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Tuesday, 16 August 2011 15:36

Meeting demonstrates major support for CWB status quo

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By Ryan Dahlman
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Judging by the standing ovation for the work done by some of the pro-single desk directors of the Canadian Wheat Board, it appeared those in attendance at the CWB meeting were in favour of maintaining the status quo when it comes to the structure and operation of the agriculture marketing organization.


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District 6 director Cam Goff, District 4's Bill Woods and District 3's Stewart Wells listen intently to a question.


An estimated 300+ farmers and interested parties packed Higdon Hall at the Medicine Hat Stampede and Exhibition grounds to take in the Farmer Meeting: Is this the Right Move?


The federal government has decided to change federal legislation which currently has in place a rule that western Canadian farmers can only sell their wheat, durum and barley to the CWB. They want farmers to have the freedom of choice on whether or not to sell to the CWB.


Supporters of the status quo for the CWB say any kind of change will hurt the CWB's ability to get the most money as possible and don't want to be bothered with having to sell the grain themselves or don't want a private company selling it.


According to the CWB's website farmers "sell their wheat and barley together through the CWB, their sole selling agent or as it is commonly referred to as single desk. This helps ensure farmers get the highest overall returns as they have an effective "monopoly" on these sales (i.e. no competing sellers of western Canadian wheat)."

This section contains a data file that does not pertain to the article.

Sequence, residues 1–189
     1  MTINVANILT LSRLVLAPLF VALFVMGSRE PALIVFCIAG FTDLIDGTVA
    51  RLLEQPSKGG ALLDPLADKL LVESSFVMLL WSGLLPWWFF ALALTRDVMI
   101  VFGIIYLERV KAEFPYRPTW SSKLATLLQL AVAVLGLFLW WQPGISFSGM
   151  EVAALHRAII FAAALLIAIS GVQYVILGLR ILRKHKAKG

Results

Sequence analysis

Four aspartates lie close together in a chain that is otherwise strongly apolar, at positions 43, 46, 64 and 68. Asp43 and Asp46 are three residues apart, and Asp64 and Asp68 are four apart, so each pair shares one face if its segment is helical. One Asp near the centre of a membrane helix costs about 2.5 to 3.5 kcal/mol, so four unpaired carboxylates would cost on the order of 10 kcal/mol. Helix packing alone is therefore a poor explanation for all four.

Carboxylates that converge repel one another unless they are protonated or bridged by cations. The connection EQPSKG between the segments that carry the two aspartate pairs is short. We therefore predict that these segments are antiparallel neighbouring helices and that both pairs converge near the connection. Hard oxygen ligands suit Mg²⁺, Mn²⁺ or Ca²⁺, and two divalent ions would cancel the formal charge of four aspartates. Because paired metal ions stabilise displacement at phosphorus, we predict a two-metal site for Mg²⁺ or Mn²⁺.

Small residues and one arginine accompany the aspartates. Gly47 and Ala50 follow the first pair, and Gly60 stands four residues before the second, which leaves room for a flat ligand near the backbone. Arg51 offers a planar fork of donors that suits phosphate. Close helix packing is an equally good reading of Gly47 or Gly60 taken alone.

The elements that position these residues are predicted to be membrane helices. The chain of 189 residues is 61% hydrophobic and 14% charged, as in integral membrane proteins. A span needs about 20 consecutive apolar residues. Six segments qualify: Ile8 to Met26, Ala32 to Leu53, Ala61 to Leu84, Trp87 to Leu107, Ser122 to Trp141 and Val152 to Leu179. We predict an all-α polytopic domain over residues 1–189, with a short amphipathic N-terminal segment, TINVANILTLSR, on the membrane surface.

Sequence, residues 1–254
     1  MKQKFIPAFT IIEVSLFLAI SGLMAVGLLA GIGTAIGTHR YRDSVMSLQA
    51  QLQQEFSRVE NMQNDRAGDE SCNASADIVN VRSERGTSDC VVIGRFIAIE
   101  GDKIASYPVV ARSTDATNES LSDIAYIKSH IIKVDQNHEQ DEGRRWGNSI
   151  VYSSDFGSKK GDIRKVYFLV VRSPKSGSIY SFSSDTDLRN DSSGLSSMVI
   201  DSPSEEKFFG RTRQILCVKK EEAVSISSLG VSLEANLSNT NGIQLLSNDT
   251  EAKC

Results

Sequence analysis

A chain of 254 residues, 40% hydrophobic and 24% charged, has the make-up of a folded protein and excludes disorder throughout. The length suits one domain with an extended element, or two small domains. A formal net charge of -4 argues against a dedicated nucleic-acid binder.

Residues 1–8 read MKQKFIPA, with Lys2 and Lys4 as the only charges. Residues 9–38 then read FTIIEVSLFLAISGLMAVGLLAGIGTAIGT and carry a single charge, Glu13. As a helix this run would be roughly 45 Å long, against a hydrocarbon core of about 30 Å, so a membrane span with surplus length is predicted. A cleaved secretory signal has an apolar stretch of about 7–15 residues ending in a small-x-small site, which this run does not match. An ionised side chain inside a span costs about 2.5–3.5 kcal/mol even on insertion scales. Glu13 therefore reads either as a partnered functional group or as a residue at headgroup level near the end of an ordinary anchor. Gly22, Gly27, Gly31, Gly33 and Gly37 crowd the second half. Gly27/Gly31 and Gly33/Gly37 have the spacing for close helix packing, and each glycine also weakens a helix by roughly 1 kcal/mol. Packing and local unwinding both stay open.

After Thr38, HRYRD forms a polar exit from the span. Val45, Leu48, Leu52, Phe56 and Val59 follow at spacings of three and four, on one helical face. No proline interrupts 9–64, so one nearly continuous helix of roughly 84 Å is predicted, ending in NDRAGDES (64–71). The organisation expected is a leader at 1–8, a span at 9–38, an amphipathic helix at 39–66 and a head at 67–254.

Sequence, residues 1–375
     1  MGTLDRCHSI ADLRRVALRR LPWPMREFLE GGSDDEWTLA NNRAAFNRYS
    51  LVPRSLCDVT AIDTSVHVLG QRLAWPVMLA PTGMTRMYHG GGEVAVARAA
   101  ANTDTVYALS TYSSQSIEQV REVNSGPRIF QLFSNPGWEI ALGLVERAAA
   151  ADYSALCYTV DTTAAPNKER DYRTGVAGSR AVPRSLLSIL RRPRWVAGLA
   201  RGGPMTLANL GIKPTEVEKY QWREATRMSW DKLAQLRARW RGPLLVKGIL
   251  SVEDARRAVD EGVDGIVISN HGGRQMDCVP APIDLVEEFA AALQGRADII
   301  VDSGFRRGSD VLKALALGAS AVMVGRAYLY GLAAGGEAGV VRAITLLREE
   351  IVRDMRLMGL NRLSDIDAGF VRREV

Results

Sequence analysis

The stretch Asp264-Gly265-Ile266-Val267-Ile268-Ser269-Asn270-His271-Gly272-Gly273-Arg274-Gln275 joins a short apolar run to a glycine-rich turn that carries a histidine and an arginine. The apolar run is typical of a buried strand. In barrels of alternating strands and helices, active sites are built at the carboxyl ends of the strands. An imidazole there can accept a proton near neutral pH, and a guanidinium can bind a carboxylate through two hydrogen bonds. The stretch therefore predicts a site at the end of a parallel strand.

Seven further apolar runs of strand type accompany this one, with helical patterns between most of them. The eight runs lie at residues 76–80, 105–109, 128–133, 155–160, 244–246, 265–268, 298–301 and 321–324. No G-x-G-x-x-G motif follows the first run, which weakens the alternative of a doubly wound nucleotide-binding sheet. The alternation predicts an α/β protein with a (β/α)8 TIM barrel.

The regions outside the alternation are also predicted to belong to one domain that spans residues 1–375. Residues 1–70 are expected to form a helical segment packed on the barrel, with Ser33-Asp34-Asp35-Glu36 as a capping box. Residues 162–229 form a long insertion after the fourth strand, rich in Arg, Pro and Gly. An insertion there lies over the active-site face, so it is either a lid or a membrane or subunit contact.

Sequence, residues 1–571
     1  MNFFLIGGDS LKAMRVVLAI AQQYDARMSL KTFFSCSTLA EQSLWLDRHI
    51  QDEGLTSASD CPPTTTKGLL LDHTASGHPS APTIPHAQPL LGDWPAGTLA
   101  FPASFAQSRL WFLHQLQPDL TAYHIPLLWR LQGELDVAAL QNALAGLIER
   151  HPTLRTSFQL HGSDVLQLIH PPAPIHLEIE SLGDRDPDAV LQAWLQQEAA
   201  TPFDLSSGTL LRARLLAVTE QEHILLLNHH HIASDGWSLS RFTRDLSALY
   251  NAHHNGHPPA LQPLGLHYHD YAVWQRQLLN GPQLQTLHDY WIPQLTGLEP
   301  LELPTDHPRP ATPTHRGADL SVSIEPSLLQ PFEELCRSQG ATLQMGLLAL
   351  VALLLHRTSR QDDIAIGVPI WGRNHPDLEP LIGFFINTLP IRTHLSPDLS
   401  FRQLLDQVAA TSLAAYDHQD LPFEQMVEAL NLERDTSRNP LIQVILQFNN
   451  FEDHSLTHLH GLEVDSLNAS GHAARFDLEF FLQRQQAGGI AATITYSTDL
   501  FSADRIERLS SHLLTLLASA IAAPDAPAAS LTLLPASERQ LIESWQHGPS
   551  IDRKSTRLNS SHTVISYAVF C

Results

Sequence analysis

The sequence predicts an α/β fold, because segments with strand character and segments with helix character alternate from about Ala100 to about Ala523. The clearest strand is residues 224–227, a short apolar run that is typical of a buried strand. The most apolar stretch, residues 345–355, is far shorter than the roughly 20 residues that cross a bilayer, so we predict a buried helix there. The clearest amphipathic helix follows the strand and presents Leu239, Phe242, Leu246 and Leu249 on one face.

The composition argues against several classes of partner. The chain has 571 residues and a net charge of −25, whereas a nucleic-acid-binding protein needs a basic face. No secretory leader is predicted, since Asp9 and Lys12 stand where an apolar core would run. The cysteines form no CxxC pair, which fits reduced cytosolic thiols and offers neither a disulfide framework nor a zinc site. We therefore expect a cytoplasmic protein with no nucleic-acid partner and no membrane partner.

CWB board of directors' chairman Allen Oberg, District 3 (southern Alberta and southwest Sask.)'s Stewart Wells, District 4 (Eston) Bill Woods, District 6's Cam Goff all made presentations during the meeting. A marketer and economist with the CWB also explained why single desk selling was more beneficial overall as compared to being in the open market.


While it definitely was a pro-single desk selling crowd, as the standing ovation and the question/comments relayed by farmers at the open microphones were any indication, there still were those smaller number of farmers who wanted to have an opportunity on the open market.


Producers from Lethbridge, Picture Butte, Medicine Hat and Vulcan all expressed their support for the federal government's plan of doing away with legislation requiring farmers to sell through the CWB.

Read more of what farmers had to say both pro and con towards their feelings of the wheat board in this week's edition of Prairie Post.

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Producer Rod Lemire spoke up at the meeting in Medicine Hat.

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